"elite" seems most likely, but the term is preceded by "the", suggesting something more specific than "...the Nazi elite corps." -- for now my best guess, taking the article's context in account, would be something like "...the elite Nazi SS corps.", or "the elite of the Nazi corps. (?) -- since the article refers to SS officers. But I'm not very familiar with Nazi military hierarchy, etc. ~Eric F (talk) 00:06, 12 April 2012 (UTC)
It definitely should have said élite. The German city Lübeck is written Lübeck in the article so ü is changed to ü. Experimenting with shows:
ü has UTF-8 code units C3 BC. ü has UTF-16 code units C3 BC.
é has UTF-8 code units C3 A9. é has UTF-16 code units C3 A9.
This indicates it must have been é which was changed to é. A Google search on the context finds two other pages [1][2] which write Lubeck and elite. PrimeHunter (talk) 01:12, 12 April 2012 (UTC)
Nice job, PrimeHunter. Benyoch (talk) 08:53, 12 April 2012 (UTC)
Okay -- thanks. ~Eric F (talk) 01:16, 12 April 2012 (UTC)

Mens sana in corpore sano[edit]

Virtually every problem facing humanity—except those constraints forced upon us by the natural world—can be traced to human health. Our institutions give human health lip service, but rarely defend or promote it. Why, then, is physical and mental health not considered the highest, primary social value? Viriditas (talk) 23:53, 11 April 2012 (UTC)

The struggle for resources with which to live is not an issue which can be traced to human health. I think your premise is incorrect rendering your question null. --Tagishsimon (talk) 00:00, 12 April 2012 (UTC)
Which resources are you struggling to obtain with which to live? I will show they are directly related to human health. Viriditas (talk) 00:03, 12 April 2012 (UTC)
Maybe its because there are six billion of us. Thus, humans are not an endangered species. Also, the rich and powerful only need as many people as are required to provided them with all their toys. The surplus labor (population) is expendable. --Aspro (talk) 00:04, 12 April 2012 (UTC)
I think "our institutions" do "defend" and "promote" health. But most of what we do in the realm of health is in our own hands. No one can make us exercise or eat well or for instance not smoke cigarettes. How do you distinguish between defending and promoting and merely paying "lip service"? Bus stop (talk) 01:03, 12 April 2012 (UTC)
Right, which explains the polluted air, water, earth, food, etc. Viriditas (talk) 01:20, 12 April 2012 (UTC)
Is war or crime traceable to human health? Bus stop (talk) 01:27, 12 April 2012 (UTC)
Of course! What do we call leaders and nations who start wars? We call them crazy, sick, mentally ill. And what do we call criminals? And, what happens when you crowd people close together like rats in cities? Why do we have wars? Why do we have crime? Go look for yourself, it's all there. Viriditas (talk) 03:02, 12 April 2012 (UTC)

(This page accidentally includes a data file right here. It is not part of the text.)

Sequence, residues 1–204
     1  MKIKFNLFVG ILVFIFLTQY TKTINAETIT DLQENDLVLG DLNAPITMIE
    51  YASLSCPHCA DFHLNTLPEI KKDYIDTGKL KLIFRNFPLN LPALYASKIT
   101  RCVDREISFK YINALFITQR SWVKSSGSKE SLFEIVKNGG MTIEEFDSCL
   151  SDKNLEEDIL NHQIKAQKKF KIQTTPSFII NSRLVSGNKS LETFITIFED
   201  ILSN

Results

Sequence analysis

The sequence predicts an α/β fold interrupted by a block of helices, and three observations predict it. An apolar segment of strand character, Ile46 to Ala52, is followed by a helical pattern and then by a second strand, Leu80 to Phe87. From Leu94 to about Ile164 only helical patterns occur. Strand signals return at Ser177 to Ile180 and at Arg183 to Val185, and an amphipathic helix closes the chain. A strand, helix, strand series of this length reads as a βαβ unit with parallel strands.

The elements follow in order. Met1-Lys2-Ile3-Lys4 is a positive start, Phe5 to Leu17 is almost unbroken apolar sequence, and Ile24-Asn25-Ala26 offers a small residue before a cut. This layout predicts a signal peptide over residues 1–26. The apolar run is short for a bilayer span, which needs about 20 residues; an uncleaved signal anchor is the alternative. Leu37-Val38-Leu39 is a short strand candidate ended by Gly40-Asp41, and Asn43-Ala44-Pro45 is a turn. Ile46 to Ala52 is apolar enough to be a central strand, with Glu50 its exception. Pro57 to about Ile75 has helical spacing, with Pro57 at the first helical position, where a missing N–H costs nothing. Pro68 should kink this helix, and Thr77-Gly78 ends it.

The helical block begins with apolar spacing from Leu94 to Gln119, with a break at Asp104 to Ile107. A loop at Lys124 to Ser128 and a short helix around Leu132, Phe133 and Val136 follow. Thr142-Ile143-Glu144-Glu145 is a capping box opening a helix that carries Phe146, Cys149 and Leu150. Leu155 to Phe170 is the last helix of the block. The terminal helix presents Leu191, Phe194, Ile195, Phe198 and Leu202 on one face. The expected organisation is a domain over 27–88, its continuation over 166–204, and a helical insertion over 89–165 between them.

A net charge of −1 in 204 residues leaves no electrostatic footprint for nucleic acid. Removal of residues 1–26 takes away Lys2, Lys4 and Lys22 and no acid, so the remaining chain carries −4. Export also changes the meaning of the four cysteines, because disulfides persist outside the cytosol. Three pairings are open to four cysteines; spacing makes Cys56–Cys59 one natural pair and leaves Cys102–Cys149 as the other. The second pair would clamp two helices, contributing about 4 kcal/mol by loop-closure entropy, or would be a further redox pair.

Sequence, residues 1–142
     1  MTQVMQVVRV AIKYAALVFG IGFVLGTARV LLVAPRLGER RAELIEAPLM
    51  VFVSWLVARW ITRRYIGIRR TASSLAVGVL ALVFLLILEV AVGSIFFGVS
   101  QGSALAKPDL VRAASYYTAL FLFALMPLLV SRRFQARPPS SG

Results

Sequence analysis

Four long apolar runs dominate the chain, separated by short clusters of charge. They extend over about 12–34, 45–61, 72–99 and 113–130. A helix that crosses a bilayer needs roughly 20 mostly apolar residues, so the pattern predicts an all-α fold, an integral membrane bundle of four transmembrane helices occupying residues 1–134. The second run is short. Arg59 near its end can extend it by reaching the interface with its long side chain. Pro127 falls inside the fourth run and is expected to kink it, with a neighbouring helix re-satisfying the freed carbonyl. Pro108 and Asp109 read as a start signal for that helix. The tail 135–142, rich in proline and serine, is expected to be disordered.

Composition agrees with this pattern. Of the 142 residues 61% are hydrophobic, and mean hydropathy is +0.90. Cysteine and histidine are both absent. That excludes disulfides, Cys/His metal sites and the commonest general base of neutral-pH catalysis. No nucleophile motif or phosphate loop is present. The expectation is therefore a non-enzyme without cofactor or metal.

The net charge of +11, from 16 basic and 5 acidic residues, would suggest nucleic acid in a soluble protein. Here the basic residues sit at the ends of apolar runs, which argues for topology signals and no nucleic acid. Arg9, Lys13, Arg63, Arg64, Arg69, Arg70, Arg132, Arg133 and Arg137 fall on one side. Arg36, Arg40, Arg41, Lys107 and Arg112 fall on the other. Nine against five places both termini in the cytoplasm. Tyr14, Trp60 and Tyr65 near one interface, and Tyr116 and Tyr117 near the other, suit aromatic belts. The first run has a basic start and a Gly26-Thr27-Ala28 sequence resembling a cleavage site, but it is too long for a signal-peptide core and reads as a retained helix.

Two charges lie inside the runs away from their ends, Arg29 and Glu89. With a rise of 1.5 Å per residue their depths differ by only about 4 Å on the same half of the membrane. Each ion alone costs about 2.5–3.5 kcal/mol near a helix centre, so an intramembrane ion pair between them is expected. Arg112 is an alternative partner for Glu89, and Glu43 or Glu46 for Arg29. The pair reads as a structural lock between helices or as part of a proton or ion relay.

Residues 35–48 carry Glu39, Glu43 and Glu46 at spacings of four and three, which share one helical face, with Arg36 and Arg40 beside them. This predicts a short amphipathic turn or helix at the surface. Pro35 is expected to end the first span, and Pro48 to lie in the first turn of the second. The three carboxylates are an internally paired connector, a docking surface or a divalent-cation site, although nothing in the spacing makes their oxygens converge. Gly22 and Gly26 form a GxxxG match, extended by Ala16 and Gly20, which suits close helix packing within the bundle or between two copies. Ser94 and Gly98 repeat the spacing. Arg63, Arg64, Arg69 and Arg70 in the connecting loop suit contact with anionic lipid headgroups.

There is a lot to be said for cities, according to this issue of Scientific American magazine. Not all leaders who go to war are mentally ill. Crime is not necessarily the result of mental illness. Do other forms of life steal? Yes, they do. Is a human mentally ill if they steal? Bus stop (talk) 03:46, 12 April 2012 (UTC)
I think there is a good argument to be made that our culture is unhealthy. Many of our most valued traditions, both in the past and present, are rooted in fantasy and delusion and promote unhealthy addictive behaviors. Why anyone would need to wage war or steal is a question that needs to be asked. The answer points to a sick and unhealthy society that values sickness over health. At the end of the day, society favors and encourages attitudes and behaviors which threaten our physical and mental health. Viriditas (talk) 08:59, 12 April 2012 (UTC)
The culture of most any mortal entity can be said to be "unhealthy". ←Baseball Bugs What's up, Doc? carrots→ 10:34, 12 April 2012 (UTC)
Wars and crime are responses to perverse incentives; they may be quite rational (in the sense of "the least bad choice for the actor's interests") in context. —Tamfang (talk) 18:31, 12 April 2012 (UTC)
It's possible to stretch definitions so that every problem is a health problem – or a numbers problem, or a language problem .... But then you end up with a classification system consisting of one class, and what's the benefit of that? —Tamfang (talk) 18:31, 12 April 2012 (UTC)
The RD is not for discussing your ideology. If you have questions about the increasing life-expectancy, even at poor countries, or the reduced number of wars, just ask.